By John Tilak and Allison Lampert
TORONTO/MONTREAL (Reuters) – Canadian hedge fund West Face Capital is pushing SNC-Lavalin Group Inc to sell its stake in Ontario’s 407 toll highway, a move that could fetch the engineering and construction company more than C$5 billion ($3.83 billion), according to two sources familiar with the process.
West Face is an SNC shareholder but has not disclosed the size of its holding. SNC owns about 17 percent of the 407, which many investors see as a non-core asset.
Stretching from the Ontario cities of Burlington to Pickering, the 407 is a 108-km (67-mile) electronic toll highway that runs north of Toronto. It is in the midst of expansion projects aimed at improving its growth profile and value.
SNC could begin the process of selling its 407 stake as early as later this year, said the sources, who declined to be identified because the matter is not yet public.
SNC-Lavalin spokesman Louis-Antoine Paquin said on Tuesday that the company “continually reviews all opportunities that would be accretive to the company and improve value for shareholders.” West Face declined comment.
The push to sell the Ontario toll road comes after West Face in 2013 called for SNC’s sale of AltaLink, Alberta’s largest regulated electricity transmission company. SNC sold its stake in AltaLink to Berkshire Hathaway Inc’s energy unit for about C$3.1 billion in 2014.
Other investors in the 407 are Cintra Infraestructuras Internacional S.L., a unit of Ferrovial S. A., and Canada Pension Plan Investment Board.
The sale of the stake in an infrastructure asset with a steady cash flow would likely attract strong interest from pension and sovereign wealth funds and other infrastructure investors.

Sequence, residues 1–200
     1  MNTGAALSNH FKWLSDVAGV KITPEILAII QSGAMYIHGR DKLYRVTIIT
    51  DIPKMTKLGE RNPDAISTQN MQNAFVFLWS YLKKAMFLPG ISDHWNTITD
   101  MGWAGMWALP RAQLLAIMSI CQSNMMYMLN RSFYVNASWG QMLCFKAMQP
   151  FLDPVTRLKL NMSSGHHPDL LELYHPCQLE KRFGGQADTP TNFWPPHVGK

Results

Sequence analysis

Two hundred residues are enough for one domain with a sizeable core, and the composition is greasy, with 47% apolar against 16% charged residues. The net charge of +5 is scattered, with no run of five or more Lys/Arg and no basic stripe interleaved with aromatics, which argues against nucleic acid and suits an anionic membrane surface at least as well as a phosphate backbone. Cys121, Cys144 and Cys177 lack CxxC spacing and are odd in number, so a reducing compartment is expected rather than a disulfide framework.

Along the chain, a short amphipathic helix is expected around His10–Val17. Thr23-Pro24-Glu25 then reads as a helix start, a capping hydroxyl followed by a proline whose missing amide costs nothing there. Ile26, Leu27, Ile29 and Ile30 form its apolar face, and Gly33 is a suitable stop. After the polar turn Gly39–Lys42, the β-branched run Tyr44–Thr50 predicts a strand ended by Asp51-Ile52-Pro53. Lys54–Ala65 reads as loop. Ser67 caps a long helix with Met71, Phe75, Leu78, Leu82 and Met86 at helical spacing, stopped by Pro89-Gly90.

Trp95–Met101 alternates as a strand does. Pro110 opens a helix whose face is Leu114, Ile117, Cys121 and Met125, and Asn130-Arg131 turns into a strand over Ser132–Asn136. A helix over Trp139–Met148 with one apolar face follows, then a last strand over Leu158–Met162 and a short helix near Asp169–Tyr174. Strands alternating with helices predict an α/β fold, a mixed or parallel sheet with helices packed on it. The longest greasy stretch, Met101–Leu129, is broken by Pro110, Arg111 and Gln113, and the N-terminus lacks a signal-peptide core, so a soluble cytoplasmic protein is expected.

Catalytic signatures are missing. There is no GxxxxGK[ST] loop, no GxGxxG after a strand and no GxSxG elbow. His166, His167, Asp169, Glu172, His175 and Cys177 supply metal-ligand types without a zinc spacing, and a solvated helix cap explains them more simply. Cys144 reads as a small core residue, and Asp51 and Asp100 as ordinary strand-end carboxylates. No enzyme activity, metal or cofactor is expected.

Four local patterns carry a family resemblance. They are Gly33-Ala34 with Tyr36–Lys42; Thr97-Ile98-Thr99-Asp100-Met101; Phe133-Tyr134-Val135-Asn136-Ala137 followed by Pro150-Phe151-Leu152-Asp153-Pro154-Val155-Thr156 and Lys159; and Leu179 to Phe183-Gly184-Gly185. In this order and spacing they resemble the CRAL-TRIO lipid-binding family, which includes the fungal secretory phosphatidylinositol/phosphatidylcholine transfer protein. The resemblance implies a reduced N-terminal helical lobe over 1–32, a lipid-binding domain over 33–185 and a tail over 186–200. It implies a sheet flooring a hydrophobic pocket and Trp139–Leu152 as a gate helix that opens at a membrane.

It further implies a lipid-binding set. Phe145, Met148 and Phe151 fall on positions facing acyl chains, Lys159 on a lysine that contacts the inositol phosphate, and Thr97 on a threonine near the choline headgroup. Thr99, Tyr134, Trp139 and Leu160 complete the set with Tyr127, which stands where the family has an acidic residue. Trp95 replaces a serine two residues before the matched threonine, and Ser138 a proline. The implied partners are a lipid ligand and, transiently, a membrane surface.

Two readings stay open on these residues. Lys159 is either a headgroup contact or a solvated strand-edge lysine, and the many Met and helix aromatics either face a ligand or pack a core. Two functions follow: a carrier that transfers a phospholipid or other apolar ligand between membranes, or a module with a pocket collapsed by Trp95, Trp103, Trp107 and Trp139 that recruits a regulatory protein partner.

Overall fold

Montreal-based SNC has said it the past it could consider selling the stake. It initially resisted the move but has become more open to the sale stake in recent months, especially with appointment of a new chief executive, the sources said.
One of the sources said the company indicated that it will consider selling the stake once its engineering business has stabilized, said. SNC said earlier this year that it expects to record an earnings increase from those core businesses in 2016.
West Face, one of Canada’s biggest hedge funds, would like the company to use the money from a sale for a share buyback and to reinvest into the business, the sources said.
West Face’s discussions with SNC are friendly and have been going on for about a year, the sources said. West Face has played an activist role in the past and successfully brought about a shake-up at Maple Leaf Foods in 2010.
PENSION FUND SHAREHOLDERS
West Face is pushing for the sale because it believes SNC’s share price does not reflect the value of the 407 and its other businesses, the sources said.
SNC’s share price is up about 26 percent year to date, and it has a market capitalization of about C$7.8 billion.
The stock, which was weaker earlier in the session, closed up 0.8 percent on Tuesday at C$52.16 in Toronto.
Other top shareholders in SNC include Canadian pension funds Caisse de depot et placement du Quebec and Canada Pension Plan Investment Board, as well as fund managers Fidelity and Mackenzie Financial.
Caisse, the biggest shareholder in SNC and a major infrastructure investor, would prefer that SNC spins off the 407 stake to existing SNC shareholders, thereby allowing it to continue to own a slice of the asset, one of the sources said. Caisse declined comment.
It’s also possible that an agreement could be reached to sell part of the stake on the open market and spin off the rest to SNC shareholders, satisfying all parties, one of the sources said.
($1 = 1.3049 Canadian dollars)
(With additional reporting by Matt Scuffham in Toronto; Editing by Cynthia Osterman)